I am not “in favor” of war, and of course war in the Middle East is particularly scary and upsetting. However, the next day (October 25, 1973) a ceasefire ended the war, and peace talks began halting process toward making things better (at least for a while).
Now, back to Suez...
Suez is the name of an Egyptian city near the southern end of the much more famous Suez Canal. This canal, completed in 1869, connects the Mediterranean Sea (and through that, the Atlantic Ocean) to the Red Sea (and through that, the Indian Ocean). This very important canal is sometimes called “The Highway to India,” because ships from Europe can use it to avoid having to travel aaaallllllllllllllllll the way around Africa, when traveling to India. The Suez Canal Authority, which is owned by Egypt and which runs the canal, is dedicated to the proposition that all ships from all nations can use the canal, whether during peaceful times or war. That includes even warships of warring nations!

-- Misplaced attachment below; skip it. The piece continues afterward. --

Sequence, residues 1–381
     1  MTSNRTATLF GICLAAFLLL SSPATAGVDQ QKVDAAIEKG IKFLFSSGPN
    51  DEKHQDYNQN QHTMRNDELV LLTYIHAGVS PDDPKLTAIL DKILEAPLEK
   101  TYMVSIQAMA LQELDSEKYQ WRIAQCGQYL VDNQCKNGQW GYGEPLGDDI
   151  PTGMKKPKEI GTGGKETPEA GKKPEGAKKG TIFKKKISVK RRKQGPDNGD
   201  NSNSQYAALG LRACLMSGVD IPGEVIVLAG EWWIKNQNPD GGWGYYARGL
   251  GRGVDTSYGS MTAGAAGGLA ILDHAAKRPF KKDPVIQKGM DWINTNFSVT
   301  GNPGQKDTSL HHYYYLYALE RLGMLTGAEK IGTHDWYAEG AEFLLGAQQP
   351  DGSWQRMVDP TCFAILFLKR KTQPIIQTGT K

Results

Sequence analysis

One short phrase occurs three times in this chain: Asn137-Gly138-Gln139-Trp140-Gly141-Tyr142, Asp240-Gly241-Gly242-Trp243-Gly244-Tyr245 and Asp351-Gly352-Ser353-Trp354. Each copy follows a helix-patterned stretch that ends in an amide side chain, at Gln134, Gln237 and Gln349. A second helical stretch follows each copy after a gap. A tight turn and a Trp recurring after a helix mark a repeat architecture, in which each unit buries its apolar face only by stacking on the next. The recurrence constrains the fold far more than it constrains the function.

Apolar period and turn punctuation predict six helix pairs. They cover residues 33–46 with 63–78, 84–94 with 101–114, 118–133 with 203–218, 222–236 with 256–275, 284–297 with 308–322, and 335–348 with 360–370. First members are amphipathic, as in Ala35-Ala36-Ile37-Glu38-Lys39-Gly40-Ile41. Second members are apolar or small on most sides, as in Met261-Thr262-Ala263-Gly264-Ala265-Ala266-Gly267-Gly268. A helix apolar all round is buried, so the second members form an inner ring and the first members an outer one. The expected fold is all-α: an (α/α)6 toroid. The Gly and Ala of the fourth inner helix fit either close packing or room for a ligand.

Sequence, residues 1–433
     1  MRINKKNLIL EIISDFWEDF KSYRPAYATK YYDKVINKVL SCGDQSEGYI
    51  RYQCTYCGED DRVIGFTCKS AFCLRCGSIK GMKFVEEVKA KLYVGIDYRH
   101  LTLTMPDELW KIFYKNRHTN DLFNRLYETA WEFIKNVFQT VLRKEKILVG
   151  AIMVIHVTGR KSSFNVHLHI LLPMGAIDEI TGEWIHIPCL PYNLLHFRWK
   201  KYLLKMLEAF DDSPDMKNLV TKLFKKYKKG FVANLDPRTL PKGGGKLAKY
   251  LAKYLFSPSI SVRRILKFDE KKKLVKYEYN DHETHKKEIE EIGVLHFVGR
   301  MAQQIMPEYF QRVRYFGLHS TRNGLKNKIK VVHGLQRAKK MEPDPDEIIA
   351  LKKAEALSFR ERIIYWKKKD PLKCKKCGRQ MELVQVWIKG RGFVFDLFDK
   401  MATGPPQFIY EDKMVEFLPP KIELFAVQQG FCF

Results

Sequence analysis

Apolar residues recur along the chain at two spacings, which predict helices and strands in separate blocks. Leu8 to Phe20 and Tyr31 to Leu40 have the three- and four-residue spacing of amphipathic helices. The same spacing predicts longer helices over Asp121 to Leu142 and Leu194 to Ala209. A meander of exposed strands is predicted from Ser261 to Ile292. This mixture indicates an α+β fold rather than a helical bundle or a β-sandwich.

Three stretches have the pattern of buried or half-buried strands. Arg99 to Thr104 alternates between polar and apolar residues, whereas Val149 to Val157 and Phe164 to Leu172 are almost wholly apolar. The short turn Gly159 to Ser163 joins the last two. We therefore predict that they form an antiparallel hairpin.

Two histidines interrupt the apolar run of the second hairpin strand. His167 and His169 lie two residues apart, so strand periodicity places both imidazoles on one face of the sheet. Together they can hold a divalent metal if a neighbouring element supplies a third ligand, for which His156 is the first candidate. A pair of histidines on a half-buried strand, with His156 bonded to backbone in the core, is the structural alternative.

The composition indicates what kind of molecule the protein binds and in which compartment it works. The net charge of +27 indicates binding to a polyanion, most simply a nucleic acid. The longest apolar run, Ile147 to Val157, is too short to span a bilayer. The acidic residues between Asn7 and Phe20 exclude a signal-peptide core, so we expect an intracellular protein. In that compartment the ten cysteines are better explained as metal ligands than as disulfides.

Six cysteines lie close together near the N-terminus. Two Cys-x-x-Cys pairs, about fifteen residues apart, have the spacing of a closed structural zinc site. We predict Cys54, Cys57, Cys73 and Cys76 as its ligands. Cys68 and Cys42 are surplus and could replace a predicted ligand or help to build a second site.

The canal is about 120 miles (193 kilometers) long—just a single lane with two passing places. There are no locks and pumps, because there is no elevation change—the entire canal is at sea level, and the sea waters flow freely between the two connecting seas.
The Suez Canal Authority collects tolls from the ships that use the canal and make the Rules of Navigation. I thought I was interesting that the SCA owns and runs, not just the canal, but also:
- emergency hospitals at each end of the canal
- a full-service hospital at Ismailia, SCA headquarters
- 14 ferry connections that cross the canal, along with 36 ferry boats,
- a shipyard
- roads alongside the canal
- four schools
- sports and recreation centers.
By the way, the triangular chunk of Egyptian land that lies between the Suez Canal and Israel is called the Sinai Peninsula.
Also on this date: